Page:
Beijing is taking steps to solidify its sphere of influence, including from close ally Russia, with Chinese leader Xi Jinping delivering a strong message during an official visit to Kazakhstan.
Xi told officials that China was keen to nurture relations with Kazakhstan and opposed any interference in the Central Asian country.
Russia Helps Kazakhs With ‘Bandits’Beijing’s warning comes after widespread civil unrest rocked Kazakhstan in January and February and led to rioting in major cities. The unrest has led to 10,000 individuals being arrested and hundreds killed or injured after a government clampdown.
Kazakh authorities reached out to Russia for assistance while claiming that the unrest was sparked by an unknown foreign power.
“The militants have not laid down their arms; they continue to commit crimes or are preparing for them,” President Kassym-Jomart Tokayev said in a televised address. “Whoever does not surrender will be destroyed. I have given the order to law enforcement agencies and the army to shoot to kill without warning.”
Government forces—backed by Russia—are still engaged with alleged national or foreign “bandits.”
“We had to deal with armed and trained bandits, both local and foreign. It is with bandits and terrorists. Therefore, they need to be destroyed. And this will be done shortly,” he said.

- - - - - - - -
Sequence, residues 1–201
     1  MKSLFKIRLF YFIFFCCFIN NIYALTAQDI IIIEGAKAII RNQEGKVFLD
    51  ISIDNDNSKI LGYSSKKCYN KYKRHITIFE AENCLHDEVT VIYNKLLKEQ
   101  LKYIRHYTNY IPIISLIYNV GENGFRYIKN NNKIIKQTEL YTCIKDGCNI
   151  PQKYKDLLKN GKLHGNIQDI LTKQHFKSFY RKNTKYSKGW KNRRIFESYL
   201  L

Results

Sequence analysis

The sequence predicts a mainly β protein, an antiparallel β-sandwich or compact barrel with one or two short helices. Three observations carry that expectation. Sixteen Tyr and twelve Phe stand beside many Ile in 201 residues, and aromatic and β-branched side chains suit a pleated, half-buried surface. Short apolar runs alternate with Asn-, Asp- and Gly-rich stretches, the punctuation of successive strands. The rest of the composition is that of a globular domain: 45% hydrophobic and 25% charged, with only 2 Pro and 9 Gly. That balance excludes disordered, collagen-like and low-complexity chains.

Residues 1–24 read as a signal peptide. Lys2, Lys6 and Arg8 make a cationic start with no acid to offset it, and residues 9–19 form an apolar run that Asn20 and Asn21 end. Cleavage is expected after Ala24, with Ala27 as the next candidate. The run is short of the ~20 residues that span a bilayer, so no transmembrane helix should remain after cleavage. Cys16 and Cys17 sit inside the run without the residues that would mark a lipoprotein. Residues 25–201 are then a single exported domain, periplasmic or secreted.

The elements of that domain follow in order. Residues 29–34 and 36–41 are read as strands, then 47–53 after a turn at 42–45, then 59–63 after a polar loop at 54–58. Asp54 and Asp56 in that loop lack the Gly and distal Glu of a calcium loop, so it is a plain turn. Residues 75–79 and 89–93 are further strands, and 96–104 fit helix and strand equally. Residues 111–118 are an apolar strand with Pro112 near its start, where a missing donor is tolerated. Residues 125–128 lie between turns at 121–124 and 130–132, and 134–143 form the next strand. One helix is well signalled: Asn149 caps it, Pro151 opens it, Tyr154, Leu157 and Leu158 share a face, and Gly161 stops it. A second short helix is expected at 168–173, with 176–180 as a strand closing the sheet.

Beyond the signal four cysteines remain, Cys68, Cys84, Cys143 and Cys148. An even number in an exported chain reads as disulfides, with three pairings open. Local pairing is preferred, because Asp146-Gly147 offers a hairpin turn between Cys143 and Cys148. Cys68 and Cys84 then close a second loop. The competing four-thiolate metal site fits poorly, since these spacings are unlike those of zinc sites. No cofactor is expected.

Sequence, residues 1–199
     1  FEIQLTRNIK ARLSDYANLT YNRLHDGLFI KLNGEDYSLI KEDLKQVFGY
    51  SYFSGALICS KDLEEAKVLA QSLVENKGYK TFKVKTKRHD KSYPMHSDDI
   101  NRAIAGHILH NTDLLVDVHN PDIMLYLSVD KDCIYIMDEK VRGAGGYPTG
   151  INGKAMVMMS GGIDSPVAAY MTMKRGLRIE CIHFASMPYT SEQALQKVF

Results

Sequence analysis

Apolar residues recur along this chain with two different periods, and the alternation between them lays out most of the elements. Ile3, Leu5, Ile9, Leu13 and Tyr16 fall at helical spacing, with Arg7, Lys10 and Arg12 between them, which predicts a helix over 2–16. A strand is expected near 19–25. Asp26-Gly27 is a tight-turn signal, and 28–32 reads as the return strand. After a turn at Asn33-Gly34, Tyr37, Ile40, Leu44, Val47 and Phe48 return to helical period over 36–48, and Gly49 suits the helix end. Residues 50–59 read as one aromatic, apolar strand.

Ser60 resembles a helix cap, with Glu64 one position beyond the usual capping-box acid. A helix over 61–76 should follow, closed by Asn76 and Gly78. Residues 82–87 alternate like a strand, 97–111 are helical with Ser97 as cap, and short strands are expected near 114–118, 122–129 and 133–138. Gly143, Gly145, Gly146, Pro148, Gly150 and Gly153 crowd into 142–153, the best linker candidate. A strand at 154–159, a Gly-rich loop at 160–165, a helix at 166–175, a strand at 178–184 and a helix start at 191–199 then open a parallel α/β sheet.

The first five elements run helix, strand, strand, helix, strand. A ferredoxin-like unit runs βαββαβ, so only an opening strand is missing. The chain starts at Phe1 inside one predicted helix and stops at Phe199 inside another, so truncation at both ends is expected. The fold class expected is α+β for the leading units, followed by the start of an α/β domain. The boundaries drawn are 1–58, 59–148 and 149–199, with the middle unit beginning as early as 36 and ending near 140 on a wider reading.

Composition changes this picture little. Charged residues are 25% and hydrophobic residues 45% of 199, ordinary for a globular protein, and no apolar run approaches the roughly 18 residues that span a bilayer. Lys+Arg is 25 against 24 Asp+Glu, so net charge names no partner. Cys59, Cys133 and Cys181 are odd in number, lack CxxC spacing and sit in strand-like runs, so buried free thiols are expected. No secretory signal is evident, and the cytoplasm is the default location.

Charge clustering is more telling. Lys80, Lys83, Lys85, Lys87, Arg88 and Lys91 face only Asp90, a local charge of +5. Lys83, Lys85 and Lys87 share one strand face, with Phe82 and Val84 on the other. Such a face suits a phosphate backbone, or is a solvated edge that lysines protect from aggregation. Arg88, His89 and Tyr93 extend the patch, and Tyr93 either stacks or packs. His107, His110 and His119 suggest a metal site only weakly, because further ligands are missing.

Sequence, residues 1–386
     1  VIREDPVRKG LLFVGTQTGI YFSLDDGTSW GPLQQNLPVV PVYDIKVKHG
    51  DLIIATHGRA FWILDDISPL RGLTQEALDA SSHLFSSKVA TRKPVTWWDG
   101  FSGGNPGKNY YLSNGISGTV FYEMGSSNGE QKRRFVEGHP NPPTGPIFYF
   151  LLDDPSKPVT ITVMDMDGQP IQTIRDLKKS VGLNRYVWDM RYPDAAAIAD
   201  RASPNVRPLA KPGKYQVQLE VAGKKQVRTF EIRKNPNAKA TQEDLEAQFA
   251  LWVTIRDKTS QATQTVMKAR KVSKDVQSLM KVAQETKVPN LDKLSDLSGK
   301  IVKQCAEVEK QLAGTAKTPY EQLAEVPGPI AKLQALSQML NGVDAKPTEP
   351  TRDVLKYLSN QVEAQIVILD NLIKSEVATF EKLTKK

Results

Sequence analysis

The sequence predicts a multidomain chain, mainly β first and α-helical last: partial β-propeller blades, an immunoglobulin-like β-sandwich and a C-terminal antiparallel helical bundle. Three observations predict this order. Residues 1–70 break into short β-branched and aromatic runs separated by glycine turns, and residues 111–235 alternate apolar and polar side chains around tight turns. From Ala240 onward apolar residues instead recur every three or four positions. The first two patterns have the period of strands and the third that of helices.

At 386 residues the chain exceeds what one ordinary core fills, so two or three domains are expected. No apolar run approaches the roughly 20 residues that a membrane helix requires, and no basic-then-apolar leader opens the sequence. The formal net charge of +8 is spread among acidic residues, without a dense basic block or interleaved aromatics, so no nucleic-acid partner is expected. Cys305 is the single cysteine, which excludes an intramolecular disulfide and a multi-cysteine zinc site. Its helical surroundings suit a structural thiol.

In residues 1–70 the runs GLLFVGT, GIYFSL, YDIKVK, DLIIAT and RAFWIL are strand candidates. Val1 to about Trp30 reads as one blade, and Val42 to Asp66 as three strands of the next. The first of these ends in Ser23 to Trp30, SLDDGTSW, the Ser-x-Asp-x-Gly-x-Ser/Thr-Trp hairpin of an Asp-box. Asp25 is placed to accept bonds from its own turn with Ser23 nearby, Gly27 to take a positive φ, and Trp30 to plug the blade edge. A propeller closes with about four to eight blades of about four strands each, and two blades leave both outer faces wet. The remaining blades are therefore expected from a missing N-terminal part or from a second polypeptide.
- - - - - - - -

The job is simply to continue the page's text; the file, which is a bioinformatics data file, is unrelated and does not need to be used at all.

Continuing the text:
Tokayev also said he had ordered a nationwide communications blackout.
Strategically Vital for Russia and ChinaRussia and China see Kazakhstan as a critical ally because of its shared land borders, also a potential strategic weak point. The country is also resource-rich and tied economically to Russia and China.
Eytan Goldstein, an East Asia expert, said the Central Asian country was a vital link for China to the Caspian Sea and beyond.
Currently, 80 percent of Kazakhstan’s oil exports are moved through the Caspian Pipeline Consortium, where Russia holds a 31 percent stake.
Kazakhs Playing a Balancing ActThe tug-of-war for power means that several Central Asian leaders have maintained ties with both Russia and China to balance out any risk.
Kazakhstan has also decided to not help Russia circumvent global economic sanctions launched by developed countries and has also banned Russian military propaganda symbols in the country.
At the same time, the Kazakh government has moved to be more heavily engaged with China in the past few months.
In June, Kazakhstan and China became “eternal comprehensive strategic partners” and agreed to work together in the areas of finance, energy, manufacturing, 5G, artificial intelligence, and green energy.